Minister Joly Announces a Review of the Official Languages Act to Support the Vitality of Official Languages Across Canada and the Full Recognition of English and French in Canadian Society

News release

OTTAWA, March 11, 2019

This year, Canada marks the 50th anniversary of the Official Languages Act. The Act, which came into force in 1969, recognized the equal status of English and French, and gave all English- and French-speaking Canadians the right to communicate with the federal government and to receive government services in the language of their choice.

This morning, the Honourable Mélanie Joly, Minister of Tourism, Official Languages and La Francophonie, announced the launch of a review to modernize the Official Languages Act. The purpose of this review is to strengthen the Act to ensure that it meets the expectations of the people of Canada; responds to the new challenges posed by social transformations and the expansion of government action sectors; and maintains its positive effect over the long term.

As we celebrate the 50th anniversary of the Official Languages Act, the Government of Canada is reaffirming the importance of English and French, which, together with Indigenous languages, are a powerful symbol of the diversity and inclusiveness that characterize Canadian society. They are at the heart of who we are as Canadians.

The rights acquired in 1969 have since been extended to include access to education in the minority language (in the Canadian Charter of Rights and Freedoms) and to the language of work in federal institutions. Recognizing that linguistic duality has a collective dimension, the Act is also accompanied by a series of measures designed to support the continuity and vitality of official-language minority communities across the country.

Despite the many advances the Act has allowed, new issues have arisen that call for its review: the number of Francophones is growing less rapidly than the Canadian population as a whole; the rate of bilingualism among the English-speaking majority outside Quebec is stagnating; and, given our increasingly open government, new technology has disrupted communication methods and the work environment in federal institutions.

Minister Joly made the announcement during a public meeting at the University of Ottawa attended by university students and representatives of official-language minority communities. They spoke to the Minister about the major issues related to the continuity of Canada’s official languages. Over the next few months, Canadians will be invited to express their views on the review of the Official Languages Act. Forums, round tables and a symposium will be held to discuss key issues that might affect the scope of official languages, and to explore ways to ensure the long-term survival of official-language minority communities.

Members of the public are invited to submit their comments and suggestions regarding this review. For more information, visit the website.

The results of the review, expected in June 2019, will help identify major issues and guide the modernization of the Official Languages Act.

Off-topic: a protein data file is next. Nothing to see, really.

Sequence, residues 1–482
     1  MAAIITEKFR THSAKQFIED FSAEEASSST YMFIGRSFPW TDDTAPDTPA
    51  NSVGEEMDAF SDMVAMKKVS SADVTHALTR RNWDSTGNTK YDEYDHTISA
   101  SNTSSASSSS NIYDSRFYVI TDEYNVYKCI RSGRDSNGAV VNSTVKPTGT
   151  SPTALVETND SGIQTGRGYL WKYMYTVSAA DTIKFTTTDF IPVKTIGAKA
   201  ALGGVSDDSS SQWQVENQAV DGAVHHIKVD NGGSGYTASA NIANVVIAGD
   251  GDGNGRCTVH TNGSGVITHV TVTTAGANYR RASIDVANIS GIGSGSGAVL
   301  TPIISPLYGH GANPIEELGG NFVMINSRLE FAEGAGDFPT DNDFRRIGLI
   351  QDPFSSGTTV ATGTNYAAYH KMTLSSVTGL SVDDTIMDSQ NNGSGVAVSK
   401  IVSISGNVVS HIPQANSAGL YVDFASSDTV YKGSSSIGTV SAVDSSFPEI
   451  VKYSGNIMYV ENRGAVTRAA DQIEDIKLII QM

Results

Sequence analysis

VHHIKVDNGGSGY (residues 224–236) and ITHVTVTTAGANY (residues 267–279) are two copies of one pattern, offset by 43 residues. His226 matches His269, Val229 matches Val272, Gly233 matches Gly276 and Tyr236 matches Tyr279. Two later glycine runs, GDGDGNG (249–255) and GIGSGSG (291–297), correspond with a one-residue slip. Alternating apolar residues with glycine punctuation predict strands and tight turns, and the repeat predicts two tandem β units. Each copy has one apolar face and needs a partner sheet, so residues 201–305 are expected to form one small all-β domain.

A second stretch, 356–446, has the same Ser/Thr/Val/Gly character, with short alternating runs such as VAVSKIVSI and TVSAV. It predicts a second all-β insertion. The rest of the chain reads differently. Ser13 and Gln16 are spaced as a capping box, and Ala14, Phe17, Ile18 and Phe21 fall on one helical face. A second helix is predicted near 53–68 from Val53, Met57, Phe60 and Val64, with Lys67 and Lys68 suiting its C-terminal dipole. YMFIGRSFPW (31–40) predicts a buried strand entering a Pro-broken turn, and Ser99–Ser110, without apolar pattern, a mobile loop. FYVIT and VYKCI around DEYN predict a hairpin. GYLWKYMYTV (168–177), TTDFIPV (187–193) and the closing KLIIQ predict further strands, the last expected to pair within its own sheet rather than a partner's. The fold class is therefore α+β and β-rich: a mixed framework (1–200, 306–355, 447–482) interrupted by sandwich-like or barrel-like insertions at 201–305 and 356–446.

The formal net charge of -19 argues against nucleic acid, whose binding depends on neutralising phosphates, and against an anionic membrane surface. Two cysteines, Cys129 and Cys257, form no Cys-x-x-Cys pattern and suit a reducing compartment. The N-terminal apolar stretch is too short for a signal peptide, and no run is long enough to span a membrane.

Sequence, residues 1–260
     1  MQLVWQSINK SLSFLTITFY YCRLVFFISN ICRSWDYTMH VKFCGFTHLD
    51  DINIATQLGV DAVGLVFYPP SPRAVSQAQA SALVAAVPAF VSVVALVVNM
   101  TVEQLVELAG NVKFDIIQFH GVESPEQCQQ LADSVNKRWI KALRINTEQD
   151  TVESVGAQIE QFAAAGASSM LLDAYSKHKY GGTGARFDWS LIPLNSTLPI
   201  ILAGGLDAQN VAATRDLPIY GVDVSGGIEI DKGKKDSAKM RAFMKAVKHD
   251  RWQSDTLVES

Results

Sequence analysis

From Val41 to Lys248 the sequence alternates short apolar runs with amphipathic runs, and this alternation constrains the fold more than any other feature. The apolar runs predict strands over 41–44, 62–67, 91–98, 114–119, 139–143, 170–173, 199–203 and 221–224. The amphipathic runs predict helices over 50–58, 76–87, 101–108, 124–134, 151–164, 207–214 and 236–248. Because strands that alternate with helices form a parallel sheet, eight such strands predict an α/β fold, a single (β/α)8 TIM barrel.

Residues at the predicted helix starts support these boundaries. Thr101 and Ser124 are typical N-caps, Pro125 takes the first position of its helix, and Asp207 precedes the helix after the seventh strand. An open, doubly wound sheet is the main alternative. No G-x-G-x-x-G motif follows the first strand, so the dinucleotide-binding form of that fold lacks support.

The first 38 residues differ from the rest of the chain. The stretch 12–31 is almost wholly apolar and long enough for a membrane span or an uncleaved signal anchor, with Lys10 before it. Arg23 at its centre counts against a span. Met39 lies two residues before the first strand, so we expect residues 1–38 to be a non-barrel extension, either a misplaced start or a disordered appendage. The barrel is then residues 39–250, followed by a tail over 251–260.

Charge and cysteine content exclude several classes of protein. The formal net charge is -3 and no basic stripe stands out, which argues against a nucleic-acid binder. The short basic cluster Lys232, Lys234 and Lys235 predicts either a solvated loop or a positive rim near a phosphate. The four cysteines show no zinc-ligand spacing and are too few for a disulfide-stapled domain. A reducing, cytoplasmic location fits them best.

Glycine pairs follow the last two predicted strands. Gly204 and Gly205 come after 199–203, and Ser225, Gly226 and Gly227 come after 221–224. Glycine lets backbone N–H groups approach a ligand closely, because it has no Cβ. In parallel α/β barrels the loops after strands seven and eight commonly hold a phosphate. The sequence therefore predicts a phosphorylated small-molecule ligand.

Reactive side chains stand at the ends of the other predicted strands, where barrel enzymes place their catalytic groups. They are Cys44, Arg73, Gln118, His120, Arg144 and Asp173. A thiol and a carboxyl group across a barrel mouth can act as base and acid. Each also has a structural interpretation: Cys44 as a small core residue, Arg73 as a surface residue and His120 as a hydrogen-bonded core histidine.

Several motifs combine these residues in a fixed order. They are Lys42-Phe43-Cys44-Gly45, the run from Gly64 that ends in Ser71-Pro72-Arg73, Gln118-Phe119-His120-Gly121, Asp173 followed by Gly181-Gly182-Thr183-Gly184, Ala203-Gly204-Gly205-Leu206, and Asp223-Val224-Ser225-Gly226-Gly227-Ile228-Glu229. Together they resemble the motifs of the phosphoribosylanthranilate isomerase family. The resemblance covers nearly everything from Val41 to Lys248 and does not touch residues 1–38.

Quotes

“The Official Languages Act has had a profound influence. It has contributed to the strengthening of linguistic communities across the country, and the emergence of generations who are proud of the linguistic duality that defines us as Canadians. We are undertaking a review to better equip our official-language communities to meet the new challenges they face, and thus ensure their long-term vitality. It goes without saying that a law that is essential to our collective identity, our cohesion and our prosperity must be reviewed so that it can continue to meet the needs of Canadians.”

—The Honourable Mélanie Joly, Minister of Tourism, Official Languages and La Francophonie

Quick facts

  • The Official Languages Act, which came into force in 1969, confirmed to Canadians their right to receive federal government services in the language of their choice. It recognized French and English as the country’s two official languages. It has helped to better protect the rights of people living in official-language minority communities, and to promote the full recognition and use of English and French in Canadian society.

  • In June 2018, the Government of Canada announced its intention to modernize the Official Languages Act.

  • As part of this review, the Government of Canada is conducting national discussions on the following topics:

    • Official languages and Canada in the digital age
    • Promoting culture and bilingualism
    • Federal institutions that embody official languages
    • Official languages and Canada’s place in the world
    • The mobilization, development and vitality of official-language minority communities
  • This exercise will complement the consultations and reviews already conducted by other bodies in the areas of the administration of justice, the language of government communication, the language of work of federal public servants, the role of the Office of the Commissioner of Official Languages, the promotion of official languages, and debates and parliamentary proceedings.

Associated links

Contacts

For more information (media only), please contact:

Jérémy Ghio
Press Secretary
Office of the Minister of Tourism, Official Languages and La Francophonie
jeremy.ghio@canada.ca

Media Relations
Canadian Heritage
819-994-9101
1-866-569-6155
pch.media-media.pch@canada.ca


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